Chartio is another superb business intelligence and data analytics tool. It’s great for visualization of data across your stack, as it connects easily with Amazon Redshift and Google BigQuery and allows you to import CSVs.

It uses visual SQL, which does what it sounds like. It helps you view and write SQL queries graphically, minimizing the effort it takes to write different queries for different flavors of SQL. Once you’ve gotten your queries, you can output to one of 15 chart options in Chartio to gain insights.

Learn more: There’s a comprehensive set of video resources here.

 

Languages

Languages are a special case in the data analytics stack. They don’t really fit neatly into one section of the pipeline because, in most cases, they perform well at multiple places in the process—but they’re not typically designed for, say, data mining alone. You don’t necessarily need to know any language to be a successful data analyst, but knowing a language or two can come in handy for some specific use cases.

Related: Data Analysis With Python, SQL, and R

SQL

Structured Query Language is a programming language that works well for editing and querying information stored in a relational database. SQL can also be used for advanced analytical operations and for transforming the queried database’s structure. You can add or delete tables of data, for example. There are open-source framework implementations of SQL, including the most popular one: MySQL.

SQL remains one of the most popular tools used by data scientists. About 98% of Fortune 100 companies use SQL for data analysis. Most data in the world is stored in tables that will require SQL to access. You’ll be able to filter and sort through the data with it.

Learn more: W3Schools has an excellent interactive tutorial on SQL that will get you started on how to select parts of a database for further analysis.

R

In recent years, R has risen above all other data analytics tools to become the go-to option for many companies. This is due, in part, to major developments that have turned R into a robust, versatile solution capable of handling massive data sets with relative ease. Better yet, in addition to some 8,000+ packages, R can integrate with a wide range of big data platforms, making it more appealing in an age where integration is a growing priority.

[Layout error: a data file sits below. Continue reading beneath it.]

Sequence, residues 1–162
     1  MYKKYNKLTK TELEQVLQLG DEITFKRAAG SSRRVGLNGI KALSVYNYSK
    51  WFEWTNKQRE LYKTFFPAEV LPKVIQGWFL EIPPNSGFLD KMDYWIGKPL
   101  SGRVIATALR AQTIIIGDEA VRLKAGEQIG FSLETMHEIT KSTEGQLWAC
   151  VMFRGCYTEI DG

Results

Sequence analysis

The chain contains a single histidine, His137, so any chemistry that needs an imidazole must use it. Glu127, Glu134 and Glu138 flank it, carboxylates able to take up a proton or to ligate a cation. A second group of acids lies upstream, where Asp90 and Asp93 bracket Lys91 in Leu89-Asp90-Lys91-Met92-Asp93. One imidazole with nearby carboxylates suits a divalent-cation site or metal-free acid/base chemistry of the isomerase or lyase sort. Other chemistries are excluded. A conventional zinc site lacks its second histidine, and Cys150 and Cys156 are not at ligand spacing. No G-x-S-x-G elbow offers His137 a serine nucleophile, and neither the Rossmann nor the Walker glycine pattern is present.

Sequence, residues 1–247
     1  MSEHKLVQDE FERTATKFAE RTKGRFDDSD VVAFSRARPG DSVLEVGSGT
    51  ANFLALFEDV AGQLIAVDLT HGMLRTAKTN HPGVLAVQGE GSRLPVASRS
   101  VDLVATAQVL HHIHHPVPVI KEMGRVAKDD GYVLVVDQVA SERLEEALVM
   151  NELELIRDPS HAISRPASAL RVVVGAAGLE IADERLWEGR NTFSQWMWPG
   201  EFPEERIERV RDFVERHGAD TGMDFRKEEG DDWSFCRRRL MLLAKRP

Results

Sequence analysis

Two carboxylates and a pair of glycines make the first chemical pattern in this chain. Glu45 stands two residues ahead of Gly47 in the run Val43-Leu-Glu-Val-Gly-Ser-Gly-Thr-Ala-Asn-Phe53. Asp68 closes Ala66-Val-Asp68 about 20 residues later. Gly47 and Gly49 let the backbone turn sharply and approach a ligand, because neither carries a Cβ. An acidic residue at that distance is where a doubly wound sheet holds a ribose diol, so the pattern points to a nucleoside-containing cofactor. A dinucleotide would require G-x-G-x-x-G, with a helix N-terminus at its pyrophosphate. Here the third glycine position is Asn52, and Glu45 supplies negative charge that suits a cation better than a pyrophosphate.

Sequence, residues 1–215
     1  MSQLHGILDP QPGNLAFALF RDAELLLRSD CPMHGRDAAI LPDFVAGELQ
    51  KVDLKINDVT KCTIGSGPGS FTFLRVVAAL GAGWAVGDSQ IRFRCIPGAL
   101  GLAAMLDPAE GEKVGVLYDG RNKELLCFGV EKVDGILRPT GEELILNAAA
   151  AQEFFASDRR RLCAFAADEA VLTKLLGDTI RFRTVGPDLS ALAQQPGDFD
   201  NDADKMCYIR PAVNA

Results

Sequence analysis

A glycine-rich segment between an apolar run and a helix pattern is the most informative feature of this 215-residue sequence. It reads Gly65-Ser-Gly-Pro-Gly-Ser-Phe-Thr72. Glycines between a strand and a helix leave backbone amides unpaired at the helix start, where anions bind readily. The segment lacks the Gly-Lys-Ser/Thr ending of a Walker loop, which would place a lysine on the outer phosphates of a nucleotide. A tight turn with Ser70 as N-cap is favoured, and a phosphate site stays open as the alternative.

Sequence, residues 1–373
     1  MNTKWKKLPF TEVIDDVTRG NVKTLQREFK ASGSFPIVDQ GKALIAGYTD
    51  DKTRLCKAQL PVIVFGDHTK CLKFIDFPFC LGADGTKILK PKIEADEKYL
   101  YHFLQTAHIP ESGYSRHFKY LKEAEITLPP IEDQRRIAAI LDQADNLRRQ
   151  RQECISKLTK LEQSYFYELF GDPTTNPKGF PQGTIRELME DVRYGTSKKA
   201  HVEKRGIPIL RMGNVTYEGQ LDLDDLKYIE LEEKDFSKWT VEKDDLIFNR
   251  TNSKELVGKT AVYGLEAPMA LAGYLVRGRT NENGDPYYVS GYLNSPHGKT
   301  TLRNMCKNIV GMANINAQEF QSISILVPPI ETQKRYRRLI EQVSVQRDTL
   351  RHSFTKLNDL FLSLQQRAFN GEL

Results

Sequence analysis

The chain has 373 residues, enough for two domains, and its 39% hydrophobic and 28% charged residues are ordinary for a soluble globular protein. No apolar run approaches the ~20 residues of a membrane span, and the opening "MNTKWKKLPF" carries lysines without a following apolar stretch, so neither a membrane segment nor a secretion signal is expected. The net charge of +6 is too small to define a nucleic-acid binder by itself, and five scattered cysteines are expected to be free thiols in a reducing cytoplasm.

As a procedural programming language, R effectively breaks any programming task into a logical series of steps. This makes it a fantastic tool to build data models with.

Learn more: Check out this course to learn more about data analytics with R.

Python

Python is one of those languages that does just about everything, and as such, knowledge of it is a huge boon for data analysts. Python is relatively easy to learn, so it’s best to start early in your career if you plan to transition into more advanced data roles such as data scientist. It’s a powerful data analytics tool that has a host of mathematical and statistical functions.

Due to its clear, easily legible syntax, Python is great for coding and debugging tasks. It’s the go-to language for new programmers, but also a favorite of anyone performing statistical techniques.

Learn more: This step-by-step guide will show you how to do data analysis with Python.

MATLAB

MATLAB is an all-in-one desktop environment and programming language that is a mathematician’s dream. Of course, it’s also great for data analysis.

Learn more: This article makes the case for why data scientists (and data analysts by extension) should use MATLAB.

 

The Most Important Tool

If you plan on making your career in data analysis successful, you’ll want to be familiar with many of the tools in this stack, even if they don’t ultimately become part of your day-to-day workflow. However, it’s worth noting that there’s one tool more important than any software on this list that you’ve already got: your brain.

Every data analyst needs to learn to think like a data analyst. Once you’ve got that under control, regardless of what data analytics tools are in your stack, you’ll make a successful career.

For help thinking like a data analyst, consider Springboard’s Data Analytics Career Track. You’ll learn both the technical and business thinking skills to get hired—job guaranteed!